08 27 2009 785

Ritz Madrid: birth of a hotel

dividerBirth of A Modern City

(chapter 2. of the book HOTEL RITZ MADRID)

coverWhile César Ritz was busy constructing his hospitality empire, Spain’s own empire was in the process of disintegrating. In 1898 the country went to war with the United States over tensions stemming from its handling of the Cuban struggle for independence. Just 109 days after the Spanish-American War broke out, the Treaty of Paris granted ownership of Spain’s colonies in Puerto Rico, the Philippines and Guam to the United States. The Americans also occupied Cuba until 1902. The conflict had been so catastrophic that it became known simply as ‘El Desastre’.
These were difficult years for Spain, at the time ruled by a queen regent, Maria Christina of Austria, who was keeping the throne warm until her eldest son Alfonso reached the age of 16. His father, Alfonso XII, had died of tuberculosis in 1885, ten years after the Bourbons were restored to the monarchy in a coup d’état against the First Spanish Republic. Antonio Cánovas Del Castillo, the head of the Spanish government and one of the dominant political figures behind the restoration, had been shot dead by an anarchist in 1897. The policies of this arch-conservative and monarchist had proved controversial –the repression of the Cuban nationalists abroad and the repression of the working classes at home- and in the end he paid the ultimate price. He would not live to witness the disaster of 1898, which led to a political, social and moral crisis in Spanish society. It notably created the ‘Generation of ’98,’ a body of intellectuals and politicians who demanded constitutional change.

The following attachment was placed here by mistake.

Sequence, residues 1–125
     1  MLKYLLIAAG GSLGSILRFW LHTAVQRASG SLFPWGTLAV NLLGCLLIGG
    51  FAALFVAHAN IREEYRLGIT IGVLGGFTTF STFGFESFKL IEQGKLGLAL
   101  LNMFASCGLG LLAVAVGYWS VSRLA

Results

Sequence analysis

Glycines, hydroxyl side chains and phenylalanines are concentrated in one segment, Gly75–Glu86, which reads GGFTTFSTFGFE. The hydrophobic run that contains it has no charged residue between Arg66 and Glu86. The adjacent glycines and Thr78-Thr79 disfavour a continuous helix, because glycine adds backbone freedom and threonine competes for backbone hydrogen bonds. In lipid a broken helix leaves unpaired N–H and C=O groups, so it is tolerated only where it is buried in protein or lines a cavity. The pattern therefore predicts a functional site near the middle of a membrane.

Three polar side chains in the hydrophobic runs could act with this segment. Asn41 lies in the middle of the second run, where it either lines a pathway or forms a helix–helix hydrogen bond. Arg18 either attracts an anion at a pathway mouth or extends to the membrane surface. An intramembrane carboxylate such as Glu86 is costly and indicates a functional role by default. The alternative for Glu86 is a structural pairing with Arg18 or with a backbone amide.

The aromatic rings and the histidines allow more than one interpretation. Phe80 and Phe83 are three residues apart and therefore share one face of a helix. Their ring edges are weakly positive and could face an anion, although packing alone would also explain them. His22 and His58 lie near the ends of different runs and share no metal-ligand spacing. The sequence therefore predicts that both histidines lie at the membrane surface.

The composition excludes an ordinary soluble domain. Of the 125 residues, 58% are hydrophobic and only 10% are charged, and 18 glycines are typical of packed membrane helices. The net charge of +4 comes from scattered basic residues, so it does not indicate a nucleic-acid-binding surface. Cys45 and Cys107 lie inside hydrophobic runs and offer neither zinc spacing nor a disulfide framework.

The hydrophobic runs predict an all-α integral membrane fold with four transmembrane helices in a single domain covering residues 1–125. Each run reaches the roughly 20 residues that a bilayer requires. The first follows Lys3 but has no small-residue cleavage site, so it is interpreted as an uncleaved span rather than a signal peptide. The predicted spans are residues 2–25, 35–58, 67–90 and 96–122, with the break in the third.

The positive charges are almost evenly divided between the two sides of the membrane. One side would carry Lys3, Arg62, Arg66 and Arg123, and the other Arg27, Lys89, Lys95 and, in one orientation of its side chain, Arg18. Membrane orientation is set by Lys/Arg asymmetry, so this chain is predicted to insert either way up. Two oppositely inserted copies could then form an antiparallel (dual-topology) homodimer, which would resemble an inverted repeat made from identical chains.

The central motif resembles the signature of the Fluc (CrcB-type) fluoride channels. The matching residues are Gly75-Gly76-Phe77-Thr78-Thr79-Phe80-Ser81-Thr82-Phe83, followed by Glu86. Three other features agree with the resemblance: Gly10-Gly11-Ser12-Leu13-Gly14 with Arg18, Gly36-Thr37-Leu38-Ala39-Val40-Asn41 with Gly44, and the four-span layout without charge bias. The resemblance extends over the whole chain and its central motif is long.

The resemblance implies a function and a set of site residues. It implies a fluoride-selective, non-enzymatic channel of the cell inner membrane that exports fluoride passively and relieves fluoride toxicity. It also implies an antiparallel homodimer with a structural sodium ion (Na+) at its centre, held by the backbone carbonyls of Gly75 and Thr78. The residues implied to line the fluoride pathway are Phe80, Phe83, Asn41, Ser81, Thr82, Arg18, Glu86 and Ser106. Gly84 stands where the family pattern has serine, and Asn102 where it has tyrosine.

It was thus a rather unstable Spain that Alfonso XIII inherited when he was finally old enough to assume power in 1902. But the new king had big plans for his capital city Madrid. After acceding to the throne, he travelled around Europe and was impressed by what he saw in the continent’s great cities. Upon his return to Madrid, he was determined to transform the Spanish capital into a modern European metropolis. Plans for a grand thoroughfare through the heart of the city had been talked about since the mid-nineteenth century but never quite materialised. La prensa madrileña, the press of Madrid poked fun at the project by dubbing it the ‘Gran Vía’ (‘Great Road’). In 1904, the plans were finally approved. Within the next couple of years, buildings were demolished to make way for the boulevard and gas and electricity were put in. In fact, at first the Gran Vía was not one but three adjoining boulevards, named Eduardo Dato, after the Mayor, Pi y Margall, in honour of the first president of the First Republic, and Conde de Peñalver, another mayor of the early twentieth century. The new road would give architects the opportunity to create grand new buildings along it, the most famous of which is the so-called Edificio Metrópolis, starting from today’s Calle de Alcalá, designed by Jules & Raymond Février in 1907.